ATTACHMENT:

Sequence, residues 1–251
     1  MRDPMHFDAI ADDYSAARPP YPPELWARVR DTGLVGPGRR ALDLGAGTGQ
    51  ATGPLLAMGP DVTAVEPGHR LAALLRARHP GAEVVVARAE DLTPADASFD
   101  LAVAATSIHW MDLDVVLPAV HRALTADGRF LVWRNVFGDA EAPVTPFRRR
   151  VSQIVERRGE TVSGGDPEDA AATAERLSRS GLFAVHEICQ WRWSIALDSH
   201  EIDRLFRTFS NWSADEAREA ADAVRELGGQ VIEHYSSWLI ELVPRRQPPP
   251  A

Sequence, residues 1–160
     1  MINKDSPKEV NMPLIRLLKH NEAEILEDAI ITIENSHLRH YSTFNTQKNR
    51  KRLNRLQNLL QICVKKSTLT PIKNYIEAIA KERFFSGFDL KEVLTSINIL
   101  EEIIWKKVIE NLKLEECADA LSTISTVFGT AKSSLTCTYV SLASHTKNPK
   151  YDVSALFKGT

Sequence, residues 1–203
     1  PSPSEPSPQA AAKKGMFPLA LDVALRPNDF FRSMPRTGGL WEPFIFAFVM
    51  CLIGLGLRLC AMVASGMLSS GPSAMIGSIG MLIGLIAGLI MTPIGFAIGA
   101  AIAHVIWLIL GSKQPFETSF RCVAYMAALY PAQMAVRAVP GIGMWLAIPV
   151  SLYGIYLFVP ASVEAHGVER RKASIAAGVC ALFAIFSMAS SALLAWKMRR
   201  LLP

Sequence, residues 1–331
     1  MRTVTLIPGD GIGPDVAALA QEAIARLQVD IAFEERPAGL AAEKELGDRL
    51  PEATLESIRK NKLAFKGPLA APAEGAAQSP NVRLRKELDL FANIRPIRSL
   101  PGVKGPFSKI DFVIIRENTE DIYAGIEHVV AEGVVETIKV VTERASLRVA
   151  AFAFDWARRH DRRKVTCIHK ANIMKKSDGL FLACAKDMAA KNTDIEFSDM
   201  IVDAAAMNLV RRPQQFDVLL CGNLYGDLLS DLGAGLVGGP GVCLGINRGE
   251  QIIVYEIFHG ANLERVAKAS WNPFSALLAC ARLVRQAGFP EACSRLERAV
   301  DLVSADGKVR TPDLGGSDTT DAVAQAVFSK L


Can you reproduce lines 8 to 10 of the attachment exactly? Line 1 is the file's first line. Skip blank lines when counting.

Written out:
Sequence, residues 1–160
     1  MINKDSPKEV NMPLIRLLKH NEAEILEDAI ITIENSHLRH YSTFNTQKNR
    51  KRLNRLQNLL QICVKKSTLT PIKNYIEAIA KERFFSGFDL KEVLTSINIL